At two months, around the Ti6Al7Nb implant, the bone-implant distance diminished, but there was still no contact (Figure 5A). Fibrous tissue was still present around the implant. The powder debris was also present but no inflammatory reaction could be noticed. There was no hemorrhage between the implant and the bone. In case of Ti6Al7Nb implant coated with HA a uniformity of the fibrous tissue at the implant surface

could be noticed. At this time interval the layer of fibrous tissue was thin but no bone contact to the implant was present (Figure 5B). A little progressive growth of newly formed bone from the calvarial margins toward the center of the bone defect was noticed in case of Ti6Al7Nb implant coated with SiO2–TiO2. But, the newly formed bone was not integrated within the implant surface. There was still

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fibrous tissue present in between, without adequate osseointegration (Figure 5C). There was no inflammation

but hemorrhage at the interface between bone and implant.

Figure 5 – Villanueva Osteochrome bone stain – two months: (A) Ti6Al7Nb implant; (B) Ti6Al7Nb implant coated with hydroxyapatite; (C) Ti6Al7Nb implant coated with SiO2–TiO2. Notice the diminished distance between implant and bone and the uniformity of the fibrous tissue.

In the group with Ti6Al7Nb implant, sacrificed at three months, histological evaluation indicated continuous bone growth. At the level of the fibrous tissue present around the implant some defects were noticed (Figure 6A). No reject inflammatory reaction was seen in this group. In case of Ti6Al7Nb implant coated with HA, new bone formation could also be noticed, connected to the implant via a small layer of fibrous tissue. There was

no inflammatory reaction accompanying this evolution (Figure 6B). The Ti6Al7Nb implant coated with SiO2–TiO2 showed osseointegration defects. SiO2–TiO2 particles outside the implant surface, completely integrated in the tissue, with no inflammatory reaction were also noticeable. New bone formation was present even at three months after implantation (Figure 6C).

Figure 6 – Villanueva Osteochrome bone stain – three months: (A) Ti6Al7Nb implant; (B) Ti6Al7Nb implant coated with hydroxyapatite.

In vivo behavior of surface modified Ti6Al7Nb alloys used in selective laser melting for custom-made implants…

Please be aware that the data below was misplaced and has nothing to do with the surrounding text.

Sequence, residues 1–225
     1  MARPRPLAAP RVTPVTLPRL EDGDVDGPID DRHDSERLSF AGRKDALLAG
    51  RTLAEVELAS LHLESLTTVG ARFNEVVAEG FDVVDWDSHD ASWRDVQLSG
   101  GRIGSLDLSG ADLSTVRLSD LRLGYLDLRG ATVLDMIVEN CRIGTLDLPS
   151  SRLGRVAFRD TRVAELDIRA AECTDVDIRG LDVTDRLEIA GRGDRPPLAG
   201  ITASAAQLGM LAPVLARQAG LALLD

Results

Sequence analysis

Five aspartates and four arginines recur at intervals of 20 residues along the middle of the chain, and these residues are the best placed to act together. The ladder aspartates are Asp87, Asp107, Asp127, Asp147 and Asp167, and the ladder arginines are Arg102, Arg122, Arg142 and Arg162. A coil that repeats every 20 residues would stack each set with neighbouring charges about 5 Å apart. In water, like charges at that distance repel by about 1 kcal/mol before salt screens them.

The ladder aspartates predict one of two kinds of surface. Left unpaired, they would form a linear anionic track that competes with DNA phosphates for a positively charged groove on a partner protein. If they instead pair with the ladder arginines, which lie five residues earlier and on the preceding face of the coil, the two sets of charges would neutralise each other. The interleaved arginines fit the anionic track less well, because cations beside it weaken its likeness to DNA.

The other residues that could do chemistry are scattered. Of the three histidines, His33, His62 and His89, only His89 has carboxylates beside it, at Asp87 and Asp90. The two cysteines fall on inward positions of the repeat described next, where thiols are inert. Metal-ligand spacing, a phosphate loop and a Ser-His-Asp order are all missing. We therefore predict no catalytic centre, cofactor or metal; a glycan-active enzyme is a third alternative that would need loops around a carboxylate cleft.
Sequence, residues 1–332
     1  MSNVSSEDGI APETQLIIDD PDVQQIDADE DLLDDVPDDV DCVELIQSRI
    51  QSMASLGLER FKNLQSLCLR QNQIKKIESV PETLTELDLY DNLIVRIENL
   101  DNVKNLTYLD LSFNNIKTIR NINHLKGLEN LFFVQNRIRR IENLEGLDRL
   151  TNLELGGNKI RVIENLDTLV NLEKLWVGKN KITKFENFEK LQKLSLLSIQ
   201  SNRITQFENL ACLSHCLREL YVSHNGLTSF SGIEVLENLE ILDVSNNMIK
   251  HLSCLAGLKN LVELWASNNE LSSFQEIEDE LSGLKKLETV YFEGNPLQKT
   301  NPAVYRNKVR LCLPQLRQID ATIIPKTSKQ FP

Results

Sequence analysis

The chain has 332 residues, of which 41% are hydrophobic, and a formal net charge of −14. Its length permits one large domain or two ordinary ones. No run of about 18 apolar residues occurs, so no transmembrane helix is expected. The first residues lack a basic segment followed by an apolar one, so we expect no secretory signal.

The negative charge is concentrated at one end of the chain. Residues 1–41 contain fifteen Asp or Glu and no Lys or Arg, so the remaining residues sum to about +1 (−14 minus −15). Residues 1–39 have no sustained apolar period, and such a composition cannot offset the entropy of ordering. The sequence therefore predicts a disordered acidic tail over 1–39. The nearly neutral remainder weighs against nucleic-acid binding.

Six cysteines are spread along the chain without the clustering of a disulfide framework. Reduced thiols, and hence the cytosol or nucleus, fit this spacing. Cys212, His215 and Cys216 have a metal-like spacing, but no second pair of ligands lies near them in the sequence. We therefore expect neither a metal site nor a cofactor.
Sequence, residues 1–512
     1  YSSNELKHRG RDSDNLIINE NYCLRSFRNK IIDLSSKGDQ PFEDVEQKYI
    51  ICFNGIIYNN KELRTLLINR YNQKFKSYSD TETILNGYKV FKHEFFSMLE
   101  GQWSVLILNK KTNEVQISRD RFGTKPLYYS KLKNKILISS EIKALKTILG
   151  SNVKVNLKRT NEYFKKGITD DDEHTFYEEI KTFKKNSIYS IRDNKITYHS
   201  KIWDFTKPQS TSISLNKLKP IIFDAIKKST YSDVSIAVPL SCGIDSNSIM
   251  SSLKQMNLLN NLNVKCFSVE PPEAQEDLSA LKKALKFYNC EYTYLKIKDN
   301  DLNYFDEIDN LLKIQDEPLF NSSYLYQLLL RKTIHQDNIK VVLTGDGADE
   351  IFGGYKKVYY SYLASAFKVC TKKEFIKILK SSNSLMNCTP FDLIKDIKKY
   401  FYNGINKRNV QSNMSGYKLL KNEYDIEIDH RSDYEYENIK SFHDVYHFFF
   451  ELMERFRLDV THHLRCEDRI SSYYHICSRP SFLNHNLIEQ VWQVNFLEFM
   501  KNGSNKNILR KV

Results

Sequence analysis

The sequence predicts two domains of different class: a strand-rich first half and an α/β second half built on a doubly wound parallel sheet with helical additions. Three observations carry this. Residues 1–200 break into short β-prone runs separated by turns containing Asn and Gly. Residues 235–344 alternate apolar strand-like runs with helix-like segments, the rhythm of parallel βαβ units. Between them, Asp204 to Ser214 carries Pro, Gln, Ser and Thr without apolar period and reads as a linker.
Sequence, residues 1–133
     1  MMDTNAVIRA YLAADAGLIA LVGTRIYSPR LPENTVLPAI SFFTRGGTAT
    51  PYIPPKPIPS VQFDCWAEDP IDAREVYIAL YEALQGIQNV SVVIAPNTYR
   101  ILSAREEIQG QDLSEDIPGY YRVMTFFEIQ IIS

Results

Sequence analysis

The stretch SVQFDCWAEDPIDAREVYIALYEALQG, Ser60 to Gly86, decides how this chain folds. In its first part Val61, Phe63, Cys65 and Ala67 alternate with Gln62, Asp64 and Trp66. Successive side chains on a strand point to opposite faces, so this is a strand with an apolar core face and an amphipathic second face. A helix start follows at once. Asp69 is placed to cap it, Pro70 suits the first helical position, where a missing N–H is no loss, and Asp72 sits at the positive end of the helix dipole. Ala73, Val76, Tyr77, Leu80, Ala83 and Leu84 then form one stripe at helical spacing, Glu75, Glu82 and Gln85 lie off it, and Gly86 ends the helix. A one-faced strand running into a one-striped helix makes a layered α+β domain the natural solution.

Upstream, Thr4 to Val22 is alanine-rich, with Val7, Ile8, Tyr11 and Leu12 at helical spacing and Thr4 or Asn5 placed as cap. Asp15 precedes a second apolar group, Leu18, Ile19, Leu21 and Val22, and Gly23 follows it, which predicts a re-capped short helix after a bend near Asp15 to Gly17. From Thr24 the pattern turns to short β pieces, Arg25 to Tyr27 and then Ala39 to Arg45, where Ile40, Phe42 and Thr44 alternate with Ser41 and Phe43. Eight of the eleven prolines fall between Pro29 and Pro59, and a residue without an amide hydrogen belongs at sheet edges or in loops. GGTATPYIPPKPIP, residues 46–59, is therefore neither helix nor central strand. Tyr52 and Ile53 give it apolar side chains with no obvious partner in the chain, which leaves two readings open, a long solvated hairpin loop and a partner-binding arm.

Figure 6 (continued) – Villanueva Osteochrome bone stain – three months: (C) Ti6Al7Nb implant coated with SiO2–TiO2. Notice continuous bone growth and the SiO2–TiO2 particles completely integrated in the tissue without marginal inflammatory reaction.

 Discussion Conventional implant fabrication technique by casting and cutting process has the disadvantage of restrictions in geometric shaping of the implants. In contrast, additive manufacturing techniques have the advantage of tailoring the structure’s architecture owing to their layer-wise building and their direct link with a computer aided design (CAD) model [8]. Selective laser melting (SLM) is an additive manufacturing technology using a laser beam as the energy source for fusing the titanium alloy powder into different structures. As all additive-manufacturing techniques, SLM uses CAD data in order to generate specimens into a layer-by-layer fashion [11–13]. Through this technique, implants with unlimited geometric shapes and an irregular structure can be manufactured. This is very important in mimicking the human bone and in obtaining personalized implants for viscero- and neurocranium bone defects reconstruction. Different titanium alloys can be used with SLM to produce custom-made structures. ATI Titanium 6Al–7Nb Alloy (UNS R56700) was developed in 1977 by a team of researchers at Gebruder Sulzer in Winterthur, Switzerland [14]. The objective was to create a titanium alloy for medical and surgical device applications with properties nearly identical to Ti6Al4V, substituting Niobium for Vanadium as the beta-stabilizing element [15]. Ti6Al7Nb alloy is widely used in the medical device industry, primarily for joint replacement systems, fracture fixation plates, rods and nails, spinal devices, screws, wires, etc. [14]. The shape, surface composition and morphology of endosseous Titanium implants are key factors to achieve post-surgical and long-term mechanical stability and enhance bone-implant integration [16]. Thus, treating the surface of the implants with different coating materials can improve the bone cells adhesion and the osseointegration of the implant. In this study, in order to test the behavior of the Ti6Al7Nb as a material for the custom-made fabrication by SLM, the surface treatment of implants was done with hydroxyapatite and SiO2–TiO2. Hydroxyapatite is the